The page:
Over the past week, we have highlighted several market indicators which we – and many others – have found surprising – and concerning – about the euphoric risk rally in the new year (including record overbought RSIs, near record stretched retail sentiment, very positive analyst earnings revisions, a record period of time without a 5% correction, and very low pairwise correlations within equity indices).
We can now add one more way in which recent market sessions “have displayed odd cross-asset price action” as Citi’s Jeremy Hale writes.
According to the cross-asset strategist, while the S&P 500 has rallied to new highs, credit spreads have widened slightly of the tights…
… and implied equity vols have also increased.
As Hale adds, “the latter is especially odd and usually only occurs in an equity market dip, at least a small one, and not a rally.”
There are other odd observations: as Bank of America pointed out last Friday, while stocks across the world have had a strong start to the year, levitating higher on record bullish sentiment investors have been pulling money out of junk-bond funds on concerns about the impact of higher interest rates.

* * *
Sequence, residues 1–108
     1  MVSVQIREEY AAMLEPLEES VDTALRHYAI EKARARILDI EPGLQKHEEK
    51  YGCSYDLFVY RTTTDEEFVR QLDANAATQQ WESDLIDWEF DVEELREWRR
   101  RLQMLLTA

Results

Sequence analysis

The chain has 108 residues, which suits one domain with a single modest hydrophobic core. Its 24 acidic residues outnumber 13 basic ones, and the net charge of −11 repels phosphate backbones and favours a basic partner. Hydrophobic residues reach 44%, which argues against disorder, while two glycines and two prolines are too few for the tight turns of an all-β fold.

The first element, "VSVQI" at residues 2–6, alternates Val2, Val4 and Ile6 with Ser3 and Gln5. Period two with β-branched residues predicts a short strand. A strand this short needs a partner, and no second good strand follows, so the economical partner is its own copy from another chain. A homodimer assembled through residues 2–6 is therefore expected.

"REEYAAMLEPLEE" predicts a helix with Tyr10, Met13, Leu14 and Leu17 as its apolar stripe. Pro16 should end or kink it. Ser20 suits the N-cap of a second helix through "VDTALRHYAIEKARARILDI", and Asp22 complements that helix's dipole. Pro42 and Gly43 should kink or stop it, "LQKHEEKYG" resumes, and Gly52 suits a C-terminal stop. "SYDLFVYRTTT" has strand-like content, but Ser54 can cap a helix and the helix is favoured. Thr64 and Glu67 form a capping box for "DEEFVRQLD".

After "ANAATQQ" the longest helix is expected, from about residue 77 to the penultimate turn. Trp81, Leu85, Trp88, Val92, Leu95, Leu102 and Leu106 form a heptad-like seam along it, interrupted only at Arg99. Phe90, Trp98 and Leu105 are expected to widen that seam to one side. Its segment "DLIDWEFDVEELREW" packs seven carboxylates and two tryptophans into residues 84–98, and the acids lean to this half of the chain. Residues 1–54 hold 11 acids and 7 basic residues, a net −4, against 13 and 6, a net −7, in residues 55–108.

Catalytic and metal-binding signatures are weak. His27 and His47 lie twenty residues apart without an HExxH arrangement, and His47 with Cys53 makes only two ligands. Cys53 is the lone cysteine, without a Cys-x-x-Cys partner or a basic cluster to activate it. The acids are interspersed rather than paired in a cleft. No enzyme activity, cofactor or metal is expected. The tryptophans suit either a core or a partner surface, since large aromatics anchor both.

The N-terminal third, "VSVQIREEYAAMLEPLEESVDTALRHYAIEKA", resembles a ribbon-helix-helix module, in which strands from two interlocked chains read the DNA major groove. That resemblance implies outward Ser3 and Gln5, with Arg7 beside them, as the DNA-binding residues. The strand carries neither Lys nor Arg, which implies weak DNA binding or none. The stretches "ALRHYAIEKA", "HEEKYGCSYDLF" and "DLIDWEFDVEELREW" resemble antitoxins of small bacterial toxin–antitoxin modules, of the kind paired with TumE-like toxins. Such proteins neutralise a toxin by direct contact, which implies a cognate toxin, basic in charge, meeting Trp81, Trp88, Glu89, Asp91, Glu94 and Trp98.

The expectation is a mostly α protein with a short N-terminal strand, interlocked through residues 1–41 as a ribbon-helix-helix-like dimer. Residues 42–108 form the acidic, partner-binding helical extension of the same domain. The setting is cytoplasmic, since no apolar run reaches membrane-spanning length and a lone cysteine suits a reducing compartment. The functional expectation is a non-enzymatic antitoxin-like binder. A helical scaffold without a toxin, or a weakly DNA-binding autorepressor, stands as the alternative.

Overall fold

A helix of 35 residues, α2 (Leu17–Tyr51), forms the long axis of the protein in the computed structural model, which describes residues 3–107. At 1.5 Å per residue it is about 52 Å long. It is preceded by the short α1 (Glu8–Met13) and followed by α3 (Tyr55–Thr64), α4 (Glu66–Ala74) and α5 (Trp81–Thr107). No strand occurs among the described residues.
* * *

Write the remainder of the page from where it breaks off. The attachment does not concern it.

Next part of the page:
So what’s going on here? Well, according to Hale, who puts on his “devil’s advocate” hat on, “one could argue that the credit price action is part of a move to the third stage of the ‘credit clock’ and that the move in VIX makes it a good hedging tool for equity longs. On the former, we would argue that the credit clock has been fleeting in its real-life usability, with the stocks/credit relationship often changing – see more here. And as we have shown. VIX hedges are very costly and historically, absent perfect timing, have shown limited use for hedging equity longs over long periods.”
As such, Citi is “monitoring the moves in credit and equity vol as another potentially bearish tactical signal for stocks.“